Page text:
I wanted to stress that the analytics services market is still nascent with many of the service provider models still emerging. As this is our first Blueprint in this space, we wanted to highlight the market leaders that have developed full service analytics capabilities, demonstrating scale and service depth across the analytics value chain. We evaluate services up and down the analytics value chain, including certain processes that aren’t ‘analytics’ per se, but are essential for analytics success, such as analytics data preparation and management. Our analysis reveals no true market ‘laggards’ for analytics, as we see expertise for one or more service categories from many providers.
We saw some surprises with the Winners Circle and High Performers – can you talk a bit about which providers have excelled versus those which could perform better further down the road?
Genpact, Infosys and Wipro are in the Winner’s Circle as they have significant scale in analytics, have demonstrated execution capability across service areas, and have very responsive account management teams. They have made great strides in vertical specializations and industry-unique analytics offerings and bring emerging technologies to clients. Along with these strengths, IBM and Accenture also have extensive experience in consulting, and have applied their expertise to help clients chart their analytics and data road maps and strategy. This makes their end-to-end vision for analytics compelling (I don’t even need to mention IBM’s $16B+ analytics acquisitions!) TCS and Capgemini have built strong offerings to help companies manage their requirements for ongoing reporting and insights. TCS especially excelled in the BFS analytics area. Cognizant, WNS, and EXL bring domain-specific innovations, having built strong industry-specific analytics capabilities especially in the high-end analytics modeling service area. I expect them to perform better in the next couple years as they are aggressively expanding these capabilities.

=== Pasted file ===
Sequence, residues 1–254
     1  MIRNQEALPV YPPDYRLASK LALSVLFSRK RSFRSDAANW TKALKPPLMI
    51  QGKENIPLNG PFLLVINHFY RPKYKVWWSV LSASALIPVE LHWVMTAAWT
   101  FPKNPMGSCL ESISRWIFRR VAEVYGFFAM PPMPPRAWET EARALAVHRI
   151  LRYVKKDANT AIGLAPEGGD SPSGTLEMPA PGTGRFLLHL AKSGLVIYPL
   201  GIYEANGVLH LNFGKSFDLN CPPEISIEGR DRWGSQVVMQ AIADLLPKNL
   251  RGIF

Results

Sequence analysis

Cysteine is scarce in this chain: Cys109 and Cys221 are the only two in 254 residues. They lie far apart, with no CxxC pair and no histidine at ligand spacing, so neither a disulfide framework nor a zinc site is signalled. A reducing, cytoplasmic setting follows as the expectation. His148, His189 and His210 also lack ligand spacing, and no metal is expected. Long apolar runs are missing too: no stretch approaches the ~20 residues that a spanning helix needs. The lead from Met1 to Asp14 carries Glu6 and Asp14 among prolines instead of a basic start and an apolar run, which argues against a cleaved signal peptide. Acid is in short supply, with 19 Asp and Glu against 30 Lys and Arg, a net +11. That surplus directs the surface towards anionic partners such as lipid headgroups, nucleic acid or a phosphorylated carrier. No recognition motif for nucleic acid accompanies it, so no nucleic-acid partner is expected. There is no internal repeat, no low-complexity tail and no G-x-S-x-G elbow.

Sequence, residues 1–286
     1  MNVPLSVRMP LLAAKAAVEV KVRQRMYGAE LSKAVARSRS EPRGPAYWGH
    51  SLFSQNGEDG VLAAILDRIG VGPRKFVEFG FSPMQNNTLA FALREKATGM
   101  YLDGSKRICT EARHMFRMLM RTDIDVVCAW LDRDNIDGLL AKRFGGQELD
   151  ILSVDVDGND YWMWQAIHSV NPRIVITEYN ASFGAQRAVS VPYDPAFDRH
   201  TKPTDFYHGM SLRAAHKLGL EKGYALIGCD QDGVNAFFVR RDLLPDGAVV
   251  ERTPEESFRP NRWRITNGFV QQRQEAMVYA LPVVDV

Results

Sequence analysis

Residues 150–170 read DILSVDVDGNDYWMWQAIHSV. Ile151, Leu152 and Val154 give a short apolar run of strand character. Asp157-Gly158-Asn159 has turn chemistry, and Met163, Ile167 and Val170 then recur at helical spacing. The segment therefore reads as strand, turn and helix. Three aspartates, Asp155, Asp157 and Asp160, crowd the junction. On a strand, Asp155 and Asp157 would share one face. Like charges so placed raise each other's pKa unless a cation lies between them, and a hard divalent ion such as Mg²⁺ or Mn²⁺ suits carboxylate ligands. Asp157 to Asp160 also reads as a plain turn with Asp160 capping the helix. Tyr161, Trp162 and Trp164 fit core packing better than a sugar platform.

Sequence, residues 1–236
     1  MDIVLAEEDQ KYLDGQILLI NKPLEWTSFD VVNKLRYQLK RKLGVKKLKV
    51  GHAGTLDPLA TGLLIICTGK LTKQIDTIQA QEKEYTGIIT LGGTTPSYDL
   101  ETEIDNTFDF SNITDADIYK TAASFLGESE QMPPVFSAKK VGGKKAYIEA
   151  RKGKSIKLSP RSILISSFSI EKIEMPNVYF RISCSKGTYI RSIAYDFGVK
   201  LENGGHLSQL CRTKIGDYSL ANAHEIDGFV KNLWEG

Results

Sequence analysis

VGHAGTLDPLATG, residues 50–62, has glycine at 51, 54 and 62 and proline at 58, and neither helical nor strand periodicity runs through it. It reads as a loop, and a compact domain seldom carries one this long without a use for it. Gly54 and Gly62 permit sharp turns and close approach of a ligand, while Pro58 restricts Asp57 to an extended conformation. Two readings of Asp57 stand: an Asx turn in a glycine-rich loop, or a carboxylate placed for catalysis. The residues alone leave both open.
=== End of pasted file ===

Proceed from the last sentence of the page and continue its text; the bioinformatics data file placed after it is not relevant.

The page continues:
Overall, what would your recommendations be to both buyers and providers looking at enterprise analytics services in today’s environment?
- Talent will ultimately be the key to differentiation. The most satisfied buyers in our research spoke to the high quality of analytics talent they accessed through their providers. Buyers must look beyond fancy toolkits to the actual resources allotted to deriving insights from them. Onshore support, business context, and prior industry experience will make all the difference between good and great analytics providers in the near future.
- Leveraging emerging technologies will pay off. Buyers are looking externally for expertise in new technologies for analytics. Providers that invest in integrating services with new technologies will earn thought leadership. Opportunities include modern data mining, data visualization, industry-unique predictive modeling tools, mobile dashboarding, and strategies for leveraging big data.
- Leading with business perspective will drive value chain adoption. The bulk of work outsourced in this space continues to be in the realm of data preparedness and routine reporting. For advanced analytics and decision support to proliferate, the conversations must shift from the CIO’s office to business leaders, from costs to business outcomes. Winning providers will encourage brainstorming sessions and regular senior leadership and SME interactions with clients to drive high value creation. The majority of buyers still seek help with more foundational areas, but the scope for high-value analytics will continue to expand as operating models mature.
- Service providers must bring cross-industry lessons to succeed. Buyers look for analytics expertise from providers that have prior experience and increasingly industry vertical experience. Providers are accordingly developing CoEs and aligning solution sets by verticals. Our conversations with buyers reveal that they are now also looking to providers to bring best-of-breed innovations from across industries that may have shared applicability. We see functional areas as equally important service areas for analytics, and foresee innovative analytics implementations through cross-industrial partnerships.
The 2013 Blueprint Report for Enterprise Analytics Services can be accessed by HfS premium subscribers by clicking here.